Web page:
DeJong eager for more normal season
JUPITER, Fla. -- By all accounts, this should be a relatively simple Spring Training for Paul DeJong. His starting spot at shortstop is not remotely in question. And that job, theoretically, should get easier with the likes of Nolan Arenado sharing the left side of the infield with him.
But, as the world collectively learned over the past year, even what’s mundane on the surface is never as simple as it seems.
True, DeJong is operating through 2021 Spring Training without much in the way of surface-level pressure, but he faces an integral year in his career at the age of 27. He’s coming off a challenging season, physically and mentally, after a bout with COVID-19 as part of the club’s August outbreak and lackluster production at the plate exacerbated by the year’s repeated stopping and starting.
“It's hard to measure,” DeJong said recently of how his fight with the virus impacted his season. “I think just as a group, we were just battling every day playing doubleheaders, doing whatever we could just to get ready to play that day. I think we learned a lot about what it takes to play this game and working together as a group.
“It was just more of a struggle to sit on the sidelines watching our team, and not being with them.”
DeJong, an All-Star and Gold Glove finalist in 2019, could be a bat the Cardinals need to unlock to perform at their full potential.
So where does he stand?
All told, DeJong is at full go this Spring Training. When it comes to questions of his health, they lie more with endurance than actual nicks and bruises.
DeJong has played in 113 career regular-season games in September/October -- his most of any month -- yet several of his splits sit near career lows there. In his All-Star campaign, DeJong had a great first half and a solid August before slashing .175/.264/.392 in September. When you attach that to his next 45 games (the 2020 season), that makes for a .220/.299/.365 line over his last 72 contests.
“We asked a lot of Paulie in ’19,” manager Mike Shildt said. “I do think it's important to give him the rest that he needs. COVID last year may have impacted [things] … but I think it was more impactful probably was the fact that he played 11 doubleheaders in a relatively short timeframe.”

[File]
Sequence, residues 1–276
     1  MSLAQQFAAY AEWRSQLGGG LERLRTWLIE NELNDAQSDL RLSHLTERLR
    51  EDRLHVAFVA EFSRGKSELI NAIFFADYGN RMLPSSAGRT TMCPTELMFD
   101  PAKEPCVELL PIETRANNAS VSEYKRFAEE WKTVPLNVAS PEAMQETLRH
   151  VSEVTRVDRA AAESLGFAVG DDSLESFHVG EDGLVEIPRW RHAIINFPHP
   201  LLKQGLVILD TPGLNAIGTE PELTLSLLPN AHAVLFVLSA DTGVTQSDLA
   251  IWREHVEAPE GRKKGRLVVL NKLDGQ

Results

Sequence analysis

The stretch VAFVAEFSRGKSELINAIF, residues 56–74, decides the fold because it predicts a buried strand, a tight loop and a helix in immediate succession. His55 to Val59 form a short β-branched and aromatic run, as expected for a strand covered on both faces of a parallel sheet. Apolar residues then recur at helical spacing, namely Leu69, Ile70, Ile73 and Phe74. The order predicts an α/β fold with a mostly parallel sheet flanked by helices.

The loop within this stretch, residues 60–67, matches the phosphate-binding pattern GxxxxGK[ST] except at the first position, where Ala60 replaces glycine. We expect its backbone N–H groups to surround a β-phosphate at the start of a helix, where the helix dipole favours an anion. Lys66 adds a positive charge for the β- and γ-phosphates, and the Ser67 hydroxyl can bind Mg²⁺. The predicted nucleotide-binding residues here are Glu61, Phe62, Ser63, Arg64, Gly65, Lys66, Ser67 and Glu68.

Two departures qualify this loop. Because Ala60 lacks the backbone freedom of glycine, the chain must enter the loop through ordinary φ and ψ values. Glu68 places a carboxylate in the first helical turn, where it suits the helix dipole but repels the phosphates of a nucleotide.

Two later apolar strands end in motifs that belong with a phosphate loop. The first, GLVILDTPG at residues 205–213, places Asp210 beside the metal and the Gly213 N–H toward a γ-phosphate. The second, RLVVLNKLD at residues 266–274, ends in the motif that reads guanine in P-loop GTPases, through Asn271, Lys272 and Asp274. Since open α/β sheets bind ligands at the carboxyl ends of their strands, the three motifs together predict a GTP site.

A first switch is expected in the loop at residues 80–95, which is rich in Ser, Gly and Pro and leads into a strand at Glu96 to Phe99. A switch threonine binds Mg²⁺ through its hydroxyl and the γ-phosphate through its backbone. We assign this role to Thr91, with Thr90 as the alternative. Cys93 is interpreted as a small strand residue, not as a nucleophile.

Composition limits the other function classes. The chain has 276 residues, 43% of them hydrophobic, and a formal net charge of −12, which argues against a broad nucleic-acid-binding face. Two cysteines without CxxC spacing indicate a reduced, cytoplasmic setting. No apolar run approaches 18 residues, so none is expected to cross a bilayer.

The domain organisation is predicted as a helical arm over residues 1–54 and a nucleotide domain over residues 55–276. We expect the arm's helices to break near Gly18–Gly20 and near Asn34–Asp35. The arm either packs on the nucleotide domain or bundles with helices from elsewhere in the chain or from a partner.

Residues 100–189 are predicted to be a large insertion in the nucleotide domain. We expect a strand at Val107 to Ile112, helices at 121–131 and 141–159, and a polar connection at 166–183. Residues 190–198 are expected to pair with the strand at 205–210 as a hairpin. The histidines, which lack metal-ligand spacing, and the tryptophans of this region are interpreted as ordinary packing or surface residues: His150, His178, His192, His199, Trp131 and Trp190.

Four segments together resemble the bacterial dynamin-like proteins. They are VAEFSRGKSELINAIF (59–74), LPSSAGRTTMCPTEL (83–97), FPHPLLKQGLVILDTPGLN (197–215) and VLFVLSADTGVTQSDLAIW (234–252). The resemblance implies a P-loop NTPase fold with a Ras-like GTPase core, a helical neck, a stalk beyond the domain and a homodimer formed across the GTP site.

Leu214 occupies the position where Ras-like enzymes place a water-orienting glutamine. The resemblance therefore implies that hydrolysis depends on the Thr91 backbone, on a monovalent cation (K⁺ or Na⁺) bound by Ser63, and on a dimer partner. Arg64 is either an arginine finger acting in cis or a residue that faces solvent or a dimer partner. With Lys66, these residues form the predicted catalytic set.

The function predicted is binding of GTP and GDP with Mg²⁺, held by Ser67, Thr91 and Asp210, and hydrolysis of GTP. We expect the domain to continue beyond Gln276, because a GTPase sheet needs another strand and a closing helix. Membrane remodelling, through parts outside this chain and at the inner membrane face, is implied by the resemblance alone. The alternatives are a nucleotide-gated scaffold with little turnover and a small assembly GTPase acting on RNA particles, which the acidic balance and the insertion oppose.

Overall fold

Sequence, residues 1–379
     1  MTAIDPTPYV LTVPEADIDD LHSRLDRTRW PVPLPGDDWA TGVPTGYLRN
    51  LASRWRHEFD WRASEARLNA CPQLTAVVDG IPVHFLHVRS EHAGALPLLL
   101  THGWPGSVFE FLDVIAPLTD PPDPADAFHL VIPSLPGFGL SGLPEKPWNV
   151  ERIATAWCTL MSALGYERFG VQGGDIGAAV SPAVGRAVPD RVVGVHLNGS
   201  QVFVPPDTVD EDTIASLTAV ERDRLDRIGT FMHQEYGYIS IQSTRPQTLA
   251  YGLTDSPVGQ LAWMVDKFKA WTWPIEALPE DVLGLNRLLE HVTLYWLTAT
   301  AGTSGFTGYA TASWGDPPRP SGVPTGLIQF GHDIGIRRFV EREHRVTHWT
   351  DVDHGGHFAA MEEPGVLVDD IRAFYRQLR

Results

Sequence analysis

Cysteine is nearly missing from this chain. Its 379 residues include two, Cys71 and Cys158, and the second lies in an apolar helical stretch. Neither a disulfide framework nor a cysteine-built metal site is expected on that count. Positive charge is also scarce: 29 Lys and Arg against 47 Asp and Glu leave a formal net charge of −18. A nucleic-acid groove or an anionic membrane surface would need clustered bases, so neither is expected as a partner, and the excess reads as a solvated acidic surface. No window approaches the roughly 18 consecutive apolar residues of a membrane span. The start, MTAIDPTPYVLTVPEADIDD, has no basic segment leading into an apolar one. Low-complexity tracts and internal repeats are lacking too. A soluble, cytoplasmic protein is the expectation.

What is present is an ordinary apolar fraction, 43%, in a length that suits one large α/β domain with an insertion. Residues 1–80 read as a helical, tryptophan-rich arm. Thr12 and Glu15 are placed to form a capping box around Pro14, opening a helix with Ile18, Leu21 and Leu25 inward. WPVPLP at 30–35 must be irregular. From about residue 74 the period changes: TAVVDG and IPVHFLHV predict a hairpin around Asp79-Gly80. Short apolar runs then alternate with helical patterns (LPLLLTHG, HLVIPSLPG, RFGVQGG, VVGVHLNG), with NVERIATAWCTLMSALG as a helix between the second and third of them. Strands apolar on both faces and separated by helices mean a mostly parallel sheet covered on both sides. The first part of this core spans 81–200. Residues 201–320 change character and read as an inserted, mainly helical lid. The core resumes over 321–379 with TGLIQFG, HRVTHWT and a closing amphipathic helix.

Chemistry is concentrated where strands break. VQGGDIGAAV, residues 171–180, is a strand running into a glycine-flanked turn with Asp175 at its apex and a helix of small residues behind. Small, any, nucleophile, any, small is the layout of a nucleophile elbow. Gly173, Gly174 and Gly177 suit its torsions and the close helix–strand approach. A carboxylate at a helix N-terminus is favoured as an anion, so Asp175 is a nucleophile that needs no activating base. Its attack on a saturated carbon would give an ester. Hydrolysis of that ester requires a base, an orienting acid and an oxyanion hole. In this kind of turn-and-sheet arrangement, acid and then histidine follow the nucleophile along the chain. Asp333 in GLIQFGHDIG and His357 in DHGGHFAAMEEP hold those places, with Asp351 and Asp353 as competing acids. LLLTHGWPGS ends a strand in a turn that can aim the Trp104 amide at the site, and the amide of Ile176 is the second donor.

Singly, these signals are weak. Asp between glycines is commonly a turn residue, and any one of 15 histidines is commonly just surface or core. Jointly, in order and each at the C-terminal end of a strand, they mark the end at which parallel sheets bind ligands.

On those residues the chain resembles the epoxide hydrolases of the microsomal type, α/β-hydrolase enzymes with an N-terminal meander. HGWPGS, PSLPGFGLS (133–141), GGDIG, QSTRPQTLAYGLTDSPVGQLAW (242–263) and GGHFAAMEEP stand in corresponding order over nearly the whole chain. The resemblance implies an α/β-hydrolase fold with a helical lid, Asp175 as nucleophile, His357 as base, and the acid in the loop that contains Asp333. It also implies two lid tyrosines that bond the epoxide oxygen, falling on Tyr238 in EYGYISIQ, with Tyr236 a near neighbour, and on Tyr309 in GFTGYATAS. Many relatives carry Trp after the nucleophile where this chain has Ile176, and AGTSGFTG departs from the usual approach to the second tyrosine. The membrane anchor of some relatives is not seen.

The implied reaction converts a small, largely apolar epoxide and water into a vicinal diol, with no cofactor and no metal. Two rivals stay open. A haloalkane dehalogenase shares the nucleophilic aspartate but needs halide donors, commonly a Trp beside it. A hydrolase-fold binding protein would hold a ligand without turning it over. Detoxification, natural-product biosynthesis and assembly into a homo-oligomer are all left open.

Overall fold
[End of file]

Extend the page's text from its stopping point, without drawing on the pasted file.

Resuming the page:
True, DeJong and the Cardinals were put in a tough position, forced to play those 11 twin bills in a month and a half. Few if any players would be expected to come out of that type of gauntlet with gaudy numbers.
“I don’t even know if a long timeframe is good for 11 doubleheaders,” Shildt quipped.
DeJong, for his part, resists against any excuses of weariness. In an ideal world, he wants to play all 162 games this season, saying he and Shildt will organize an appropriate system to maximize production and health and minimize fatigue.
“You know, it's easy to say, ‘Oh, yeah, we were tired [in the Wild Card Series] last year against the Padres,’” DeJong said. “Well, we still had chances to win.”
During DeJong’s last full season in 2019, he was an Outs Above Average savant, sitting in the top 3% of the league in that category. As far as his dip in 2020 is concerned, defensive metrics are already a tad wonky, and especially so in an abbreviated season that saw him miss 13 games.
Now, with a healthy offseason and Arenado in tow, it’s hoped DeJong can return to his 2019 form.
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Arenado’s range will allow DeJong to shade more up the middle, the shortstop said, hoping to cut off more balls from reaching center field and in turn making the exchange with newly anointed second baseman Tommy Edman more tenable.
But when the third baseman is aggressive, or charging in on a ball to the left, DeJong will be there to back him up.
“[Arenado is] not afraid to go get the ball and make that 360 play,” DeJong said. “Anything he can get coming in, he's going to go for, and I'm going to be right behind him.”
Even with all the factors under the surface, DeJong has plenty to feel reassured about. As one of the longer-tenured Cards, he's thought of very highly, faces little uncertainty with his role in 2021 and still has time to grow at 27 and under contract through ’25.
He knows what he needs to do, fueled by how challenging his -- and the club’s -- 2020 was.
Now all that’s left is to go out and do it.
“Moving forward,” he said, “we’re just going to love being out there as a group playing for the birds on the bat.”